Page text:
In 1000 Monte Carlo simulations on 10 000 individuals, STARHS estimates were inflated under expedited testing (table 1). Simulated STARHS seroincidence estimates under which testing was unexpedited were comparable with the cohort seroincidence estimate from the original dataset. Under the degree of expedited testing parameterised using SAMS data, simulated STARHS seroincidence estimate approached the empirical STARHS estimate. Under both unexpedited and expedited testing, however, simulated cohort estimates were identical and were not appreciably different from the empiric cohort estimate. The ratio of data-based cohort estimates to data-based STARHS estimates approximated the ratio of simulated STARHS under independence between acquisition of infection and testing and under motivated testing (figure 2).
When varying the proportion of individuals expediting their next test between 10 and 90% at 10% intervals, and keeping other parameters constant, the simulated STARHS seroincidence ranged from 1.3 to 2.2 new infections per 100 person-years (figure 3). Simulated cohort estimates were robust against varying the proportion of expedited testers (a constant 1.20 new infections per 100 person-years).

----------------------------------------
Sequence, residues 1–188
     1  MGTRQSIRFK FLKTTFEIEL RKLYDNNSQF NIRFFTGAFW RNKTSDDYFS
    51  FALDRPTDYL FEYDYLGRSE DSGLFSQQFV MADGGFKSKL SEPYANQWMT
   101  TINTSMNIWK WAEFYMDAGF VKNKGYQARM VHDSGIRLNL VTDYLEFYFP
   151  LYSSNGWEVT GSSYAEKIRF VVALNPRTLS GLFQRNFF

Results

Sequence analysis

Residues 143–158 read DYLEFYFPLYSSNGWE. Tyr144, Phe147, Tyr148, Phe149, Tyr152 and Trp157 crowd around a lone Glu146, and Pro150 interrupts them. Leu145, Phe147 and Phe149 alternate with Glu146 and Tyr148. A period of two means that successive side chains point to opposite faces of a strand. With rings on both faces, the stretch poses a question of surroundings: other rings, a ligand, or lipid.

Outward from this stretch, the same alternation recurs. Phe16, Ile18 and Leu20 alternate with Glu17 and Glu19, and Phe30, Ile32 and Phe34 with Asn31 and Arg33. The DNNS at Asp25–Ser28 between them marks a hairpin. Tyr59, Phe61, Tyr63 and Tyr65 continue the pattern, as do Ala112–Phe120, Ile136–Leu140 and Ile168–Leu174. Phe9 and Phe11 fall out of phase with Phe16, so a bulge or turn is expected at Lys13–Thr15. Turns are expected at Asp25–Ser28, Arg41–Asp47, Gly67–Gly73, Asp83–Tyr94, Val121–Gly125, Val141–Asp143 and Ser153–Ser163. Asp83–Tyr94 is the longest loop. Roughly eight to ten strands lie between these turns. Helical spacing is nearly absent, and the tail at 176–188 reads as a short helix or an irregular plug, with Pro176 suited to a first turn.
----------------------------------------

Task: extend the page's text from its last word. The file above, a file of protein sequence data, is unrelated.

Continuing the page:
Varying the interval between potential exposure and testing was accomplished simulating distributions of intervals based on half the mean and median numbers of days of duration, and based on double the mean and median numbers of days of duration. Halving the times between suspected exposure and testing increased simulated STARHS seroincidence estimates (1.7 new infections per 100 person-years) (figure 4). Doubling the waiting times brought STARHS seroincidence close to that of unexpedited STARHS and cohort estimates (1.3 new infections per 100 person-years). Cohort estimates were robust against varying waiting times (a constant 1.2 new infections per 100 person-years).